WASHINGTON -- A consumer group said Thursday that there is as much mortgage-lending discrimination now as a year ago, when the Federal Reserve Board issued its initial study under the Home Mortgage Disclosure Act.
Half of 46 financial institutions surveyed by the Association of Community Organizations for Reform Now -- or Acorn -- reduced the gap in loan-approval rates between minorities and whites last year.
But that improvement was offset by a growing racial disparity at the other 23 institutions.
'Locked Out of the Dream'
"At this rate of change, generations of minority families will continue to be locked out of the dream of homeownership," said Acorn president Maude Hurd.
Acorn said black and Hispanic applicants for single-family mortgages continued to be rejected at two to four times the rate of white applicants.
The organization looked at 1991 data released by banks to comply with the Home Mortgage Disclosure Act. The information has been released by individual institutions and is to be aggregated by the Federal Reserve later this month.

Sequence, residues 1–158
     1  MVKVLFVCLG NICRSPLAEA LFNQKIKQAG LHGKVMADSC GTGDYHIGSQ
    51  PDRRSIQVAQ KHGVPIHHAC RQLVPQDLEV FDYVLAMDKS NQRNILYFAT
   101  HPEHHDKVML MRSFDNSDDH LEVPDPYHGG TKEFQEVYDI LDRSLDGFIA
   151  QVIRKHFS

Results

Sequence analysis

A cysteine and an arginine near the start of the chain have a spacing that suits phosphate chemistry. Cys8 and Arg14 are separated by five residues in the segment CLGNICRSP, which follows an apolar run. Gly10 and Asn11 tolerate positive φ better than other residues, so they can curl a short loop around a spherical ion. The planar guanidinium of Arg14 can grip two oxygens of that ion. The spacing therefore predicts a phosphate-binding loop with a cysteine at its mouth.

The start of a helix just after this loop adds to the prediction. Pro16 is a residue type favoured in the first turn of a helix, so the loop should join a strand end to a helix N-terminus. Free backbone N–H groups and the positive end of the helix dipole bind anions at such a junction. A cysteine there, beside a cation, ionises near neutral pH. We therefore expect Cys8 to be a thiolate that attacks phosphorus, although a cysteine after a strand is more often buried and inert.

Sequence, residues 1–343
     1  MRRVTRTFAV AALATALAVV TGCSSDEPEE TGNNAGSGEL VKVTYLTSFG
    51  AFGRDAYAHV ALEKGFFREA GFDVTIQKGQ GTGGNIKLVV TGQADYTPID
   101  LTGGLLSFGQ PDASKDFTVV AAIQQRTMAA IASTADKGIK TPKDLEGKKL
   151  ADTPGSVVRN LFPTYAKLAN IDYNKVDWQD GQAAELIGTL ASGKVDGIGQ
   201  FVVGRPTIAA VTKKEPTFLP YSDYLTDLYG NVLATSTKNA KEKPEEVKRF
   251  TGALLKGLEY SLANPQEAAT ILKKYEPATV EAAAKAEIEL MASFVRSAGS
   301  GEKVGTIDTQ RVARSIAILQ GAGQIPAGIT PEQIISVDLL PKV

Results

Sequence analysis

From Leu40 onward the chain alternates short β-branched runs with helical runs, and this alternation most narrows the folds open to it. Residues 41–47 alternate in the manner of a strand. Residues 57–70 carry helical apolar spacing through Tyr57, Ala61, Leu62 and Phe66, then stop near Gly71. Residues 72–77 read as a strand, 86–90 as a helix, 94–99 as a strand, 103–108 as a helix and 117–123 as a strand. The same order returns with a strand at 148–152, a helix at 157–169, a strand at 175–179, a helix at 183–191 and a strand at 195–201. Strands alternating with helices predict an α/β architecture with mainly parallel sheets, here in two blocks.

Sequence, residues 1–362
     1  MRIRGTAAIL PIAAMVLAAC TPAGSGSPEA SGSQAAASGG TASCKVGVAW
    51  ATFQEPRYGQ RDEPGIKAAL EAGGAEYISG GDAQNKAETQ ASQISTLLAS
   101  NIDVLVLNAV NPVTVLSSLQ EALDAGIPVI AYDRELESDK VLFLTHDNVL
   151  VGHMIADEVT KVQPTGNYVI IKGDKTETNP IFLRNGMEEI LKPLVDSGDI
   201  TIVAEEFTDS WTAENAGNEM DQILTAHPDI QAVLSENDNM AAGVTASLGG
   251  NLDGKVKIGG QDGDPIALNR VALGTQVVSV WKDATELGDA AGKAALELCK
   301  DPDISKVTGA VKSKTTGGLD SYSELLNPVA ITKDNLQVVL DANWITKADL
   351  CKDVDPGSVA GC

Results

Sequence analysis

Although small, the Acorn study included large banks, mortgage companies, and thrifts in 13 cities, and may give some indication of what the Fed will report.
"The second round of data is out -- and the severity of the problems facing minority families is undiminished," Ms. Hurd said.
Changes in Both Directions
At First American Bank in Washington, blacks and Hispanics were twice as likely as whites to be rejected in 1991, compared with nine times as likely in 1990.
"We're not really doing anything different than we've done before; it's just finally paying off," said Fred L. Bollerer, chairman of First American Metro Corp., the community outreach arm. "We have in this organization focused on corporate citizenship for many many years."
In contrast, at the Northern Trust Corp. in Chicago, minorities were 17 times as likely to be rejected in 1991 up from five times in 1990.